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April 6, 2017

Four Lies the Wellness Industry tells us about Mindfulness Meditation.

Marketers will tell you anything you want to hear in order to get you to buy their product.

I know. I used to be one.

Lately, I’ve noticed a troubling trend as mindfulness meditation has become the hottest new self-improvement tool in the handbook of the wellness industry. Names such as “Retreat and Renewal,” “Mindfulness-Based Stress Reduction,” and “Mindfulness and Awareness Relaxation Training” pepper the lists of programs offered at retreat centers. Books with phrases like “Finding Peace” or “Reducing Stress and Anxiety” in their titles are cropping up on bookshelves everywhere.

I understand that businesses need to make money, and in order to make money, names and titles need to contain attractive keywords. In fact, I’ll bet you’re reading this now because you Googled “mindfulness meditation” and the word “lie” jumped out at you. (Either that, or you’re a regular reader of elephant journal, in which case…good job!)

But after a point, marketing deteriorates from being attractive to downright misleading, and that isn’t cool.

I challenge wellness marketers to start using titles like these:

Retreat and Revenge: Feel Your Anger and Finally Deck That Person Who Pisses You Off
Mindfulness-Based Insanity: Create and Experience Your Very Own Nervous Breakdown
Mindfulness and Awareness Neurosis Training: Get Intimate With Your Own Smelly Sh*t
Reduce Denial With Mindfulness Meditation: Imbalance—Can You Handle the Vertigo?

Guaranteed to scare off those annoying love-and-light new agers, yes?

Okay, all kidding aside, let’s take a moment to debunk some of the lies fed to us by the wellness industry and look at what actually happens instead.

Lie No. 1: Mindfulness meditation is relaxing and will make us feel better.

False. It’s not uncommon for new practitioners of mindfulness meditation to feel worse, because meditation creates the space for all kinds of unconscious thoughts to float up into our awareness.

Often, these thoughts are accompanied by feelings of rage, despair, jealousy, or boredom.

When we practice meditation, we aren’t allowed to jump up and check Facebook or engage in our stimulus of choice when things get prickly. We commit to staying right there with those feelings while they tighten our stomachs and burn holes in our psyches.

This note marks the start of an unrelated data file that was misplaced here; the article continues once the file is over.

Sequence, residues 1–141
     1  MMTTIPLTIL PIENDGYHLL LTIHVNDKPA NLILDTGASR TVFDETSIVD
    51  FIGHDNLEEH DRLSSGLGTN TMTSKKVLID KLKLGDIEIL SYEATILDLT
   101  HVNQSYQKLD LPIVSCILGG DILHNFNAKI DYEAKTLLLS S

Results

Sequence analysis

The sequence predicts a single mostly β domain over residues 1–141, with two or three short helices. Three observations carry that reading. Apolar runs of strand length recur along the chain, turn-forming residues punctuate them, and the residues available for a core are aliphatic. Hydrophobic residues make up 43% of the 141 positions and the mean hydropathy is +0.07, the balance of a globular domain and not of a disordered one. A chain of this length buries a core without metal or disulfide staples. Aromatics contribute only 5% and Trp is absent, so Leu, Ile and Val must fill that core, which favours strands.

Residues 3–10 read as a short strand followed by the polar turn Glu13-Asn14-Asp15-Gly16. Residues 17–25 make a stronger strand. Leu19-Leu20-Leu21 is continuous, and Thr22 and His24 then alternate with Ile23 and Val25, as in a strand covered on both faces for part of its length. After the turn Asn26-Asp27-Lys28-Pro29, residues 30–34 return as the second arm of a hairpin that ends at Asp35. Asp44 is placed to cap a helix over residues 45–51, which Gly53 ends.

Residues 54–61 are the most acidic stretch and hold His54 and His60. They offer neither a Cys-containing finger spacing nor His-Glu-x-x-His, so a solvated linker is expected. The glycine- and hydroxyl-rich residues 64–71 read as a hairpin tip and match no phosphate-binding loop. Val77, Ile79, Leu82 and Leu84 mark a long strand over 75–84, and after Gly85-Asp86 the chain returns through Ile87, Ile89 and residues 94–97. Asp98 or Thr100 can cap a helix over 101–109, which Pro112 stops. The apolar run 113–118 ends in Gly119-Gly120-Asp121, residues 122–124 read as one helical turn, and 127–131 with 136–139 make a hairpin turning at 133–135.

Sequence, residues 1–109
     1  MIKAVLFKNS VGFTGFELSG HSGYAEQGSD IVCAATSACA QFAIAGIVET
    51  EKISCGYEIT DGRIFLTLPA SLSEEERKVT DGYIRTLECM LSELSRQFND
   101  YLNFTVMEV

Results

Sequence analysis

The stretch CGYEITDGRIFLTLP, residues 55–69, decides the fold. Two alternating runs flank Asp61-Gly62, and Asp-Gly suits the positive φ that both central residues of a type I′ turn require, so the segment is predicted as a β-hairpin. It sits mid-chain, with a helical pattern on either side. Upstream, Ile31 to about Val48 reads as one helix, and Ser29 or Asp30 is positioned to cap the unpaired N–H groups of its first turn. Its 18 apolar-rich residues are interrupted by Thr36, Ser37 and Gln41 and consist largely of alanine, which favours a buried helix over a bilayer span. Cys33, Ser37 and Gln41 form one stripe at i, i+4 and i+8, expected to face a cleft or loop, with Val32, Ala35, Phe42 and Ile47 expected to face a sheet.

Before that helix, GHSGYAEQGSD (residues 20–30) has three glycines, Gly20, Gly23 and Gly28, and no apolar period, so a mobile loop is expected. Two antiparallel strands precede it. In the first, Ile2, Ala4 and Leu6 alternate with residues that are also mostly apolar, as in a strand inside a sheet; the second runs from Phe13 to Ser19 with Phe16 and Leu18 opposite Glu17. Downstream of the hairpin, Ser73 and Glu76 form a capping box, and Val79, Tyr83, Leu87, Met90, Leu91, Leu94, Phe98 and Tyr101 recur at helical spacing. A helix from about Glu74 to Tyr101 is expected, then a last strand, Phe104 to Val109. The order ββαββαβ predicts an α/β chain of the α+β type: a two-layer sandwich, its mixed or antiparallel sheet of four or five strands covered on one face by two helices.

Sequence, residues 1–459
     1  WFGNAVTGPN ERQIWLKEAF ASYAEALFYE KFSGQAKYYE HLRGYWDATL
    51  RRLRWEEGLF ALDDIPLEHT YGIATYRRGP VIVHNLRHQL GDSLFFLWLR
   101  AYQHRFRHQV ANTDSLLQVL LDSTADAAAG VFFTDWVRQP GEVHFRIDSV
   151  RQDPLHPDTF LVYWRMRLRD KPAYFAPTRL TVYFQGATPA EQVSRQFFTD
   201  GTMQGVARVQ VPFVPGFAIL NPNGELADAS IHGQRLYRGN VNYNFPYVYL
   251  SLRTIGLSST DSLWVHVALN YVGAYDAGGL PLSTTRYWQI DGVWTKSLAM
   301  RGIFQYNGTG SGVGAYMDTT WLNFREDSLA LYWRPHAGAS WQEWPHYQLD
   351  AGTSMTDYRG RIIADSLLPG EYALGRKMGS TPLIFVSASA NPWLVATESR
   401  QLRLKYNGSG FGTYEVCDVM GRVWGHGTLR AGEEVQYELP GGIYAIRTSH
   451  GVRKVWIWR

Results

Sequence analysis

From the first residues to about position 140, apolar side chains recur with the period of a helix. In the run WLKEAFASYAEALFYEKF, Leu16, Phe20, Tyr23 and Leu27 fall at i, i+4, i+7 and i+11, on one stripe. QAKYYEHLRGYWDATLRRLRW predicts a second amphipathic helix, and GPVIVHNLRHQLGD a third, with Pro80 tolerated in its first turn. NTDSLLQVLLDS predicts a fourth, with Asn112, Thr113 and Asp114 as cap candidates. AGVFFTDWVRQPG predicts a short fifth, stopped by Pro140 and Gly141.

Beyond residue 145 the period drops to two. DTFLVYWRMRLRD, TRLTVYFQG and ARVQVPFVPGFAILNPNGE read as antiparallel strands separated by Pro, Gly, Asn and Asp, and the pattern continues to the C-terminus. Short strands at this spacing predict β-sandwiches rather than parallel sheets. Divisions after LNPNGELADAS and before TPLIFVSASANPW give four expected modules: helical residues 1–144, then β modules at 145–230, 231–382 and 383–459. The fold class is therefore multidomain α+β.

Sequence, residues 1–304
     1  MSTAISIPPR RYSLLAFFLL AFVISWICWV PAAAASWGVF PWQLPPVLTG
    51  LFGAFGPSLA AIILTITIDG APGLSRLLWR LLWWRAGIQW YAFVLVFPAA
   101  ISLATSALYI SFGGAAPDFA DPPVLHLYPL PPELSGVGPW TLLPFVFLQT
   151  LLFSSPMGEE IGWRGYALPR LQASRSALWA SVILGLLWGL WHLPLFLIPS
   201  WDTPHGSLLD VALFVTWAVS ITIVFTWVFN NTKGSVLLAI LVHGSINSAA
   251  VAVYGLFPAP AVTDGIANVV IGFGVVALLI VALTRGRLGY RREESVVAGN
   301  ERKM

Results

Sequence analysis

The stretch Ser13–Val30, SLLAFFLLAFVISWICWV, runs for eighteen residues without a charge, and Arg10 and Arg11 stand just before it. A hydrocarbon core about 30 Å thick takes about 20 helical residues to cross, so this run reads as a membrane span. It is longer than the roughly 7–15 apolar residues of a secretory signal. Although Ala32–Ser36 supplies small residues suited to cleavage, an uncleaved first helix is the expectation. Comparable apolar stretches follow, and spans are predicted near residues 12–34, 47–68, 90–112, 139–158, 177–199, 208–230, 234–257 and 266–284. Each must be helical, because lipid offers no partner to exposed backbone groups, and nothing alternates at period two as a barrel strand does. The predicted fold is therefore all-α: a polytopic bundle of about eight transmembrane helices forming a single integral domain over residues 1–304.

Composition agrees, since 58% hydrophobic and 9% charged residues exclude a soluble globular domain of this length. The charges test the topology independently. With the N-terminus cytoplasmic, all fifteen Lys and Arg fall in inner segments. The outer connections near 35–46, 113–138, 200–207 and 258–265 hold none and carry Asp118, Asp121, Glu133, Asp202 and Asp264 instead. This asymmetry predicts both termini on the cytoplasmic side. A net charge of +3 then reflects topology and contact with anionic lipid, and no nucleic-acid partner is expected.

However, over time, we learn that it is possible to sit with intense thoughts and emotions without freaking out. We discover that all mental states are workable, and that they really won’t kill us.

Lie No. 2: Mindfulness meditation will make us less anxious and/or make our lives less stressful.

False. Mindfulness meditation practice gives us an opportunity to set aside some stimulus-free time so that we can observe what’s taking up space in our heads. That’s it.

Personally, I’m convinced that the root cause of our stress is at least partly biological in nature. Our glorified monkey brains simply weren’t designed to deal with the complexity of modern civilization. All of the meditation in the world won’t change that. We need to take action (see this article on simplifying your life) to make our lives less stressful.

Lie No. 3: Mindfulness meditation will make us more compassionate.

False. Unfortunately, it is quite common for practitioners to try and mimic compassion by pretending that they have transcended their feelings—especially anger. This doesn’t work. It’s like ignoring the pain of a broken ankle or a burned hand; if we pretend that we don’t feel anything and just move our injured body around any old way, we make the injury worse. Then, we lash out at others because it hurts.

As we’ve seen above, mindfulness meditation creates an opportunity for us to fully experience our anger, despair, boredom, and fear. Compassion emerges when we allow ourselves to feel our own difficult emotions and make friends with them. Then, we can be with the difficult emotions of others without trying to fix them.